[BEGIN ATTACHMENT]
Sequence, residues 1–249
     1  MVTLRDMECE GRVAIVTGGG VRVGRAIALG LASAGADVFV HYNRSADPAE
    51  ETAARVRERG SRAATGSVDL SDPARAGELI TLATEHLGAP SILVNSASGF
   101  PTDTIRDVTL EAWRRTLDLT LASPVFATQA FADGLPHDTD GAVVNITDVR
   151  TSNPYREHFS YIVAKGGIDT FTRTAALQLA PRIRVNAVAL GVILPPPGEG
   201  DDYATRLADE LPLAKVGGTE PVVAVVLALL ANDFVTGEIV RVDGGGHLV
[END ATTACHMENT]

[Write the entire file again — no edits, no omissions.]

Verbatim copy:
Sequence, residues 1–249
     1  MVTLRDMECE GRVAIVTGGG VRVGRAIALG LASAGADVFV HYNRSADPAE
    51  ETAARVRERG SRAATGSVDL SDPARAGELI TLATEHLGAP SILVNSASGF
   101  PTDTIRDVTL EAWRRTLDLT LASPVFATQA FADGLPHDTD GAVVNITDVR
   151  TSNPYREHFS YIVAKGGIDT FTRTAALQLA PRIRVNAVAL GVILPPPGEG
   201  DDYATRLADE LPLAKVGGTE PVVAVVLALL ANDFVTGEIV RVDGGGHLV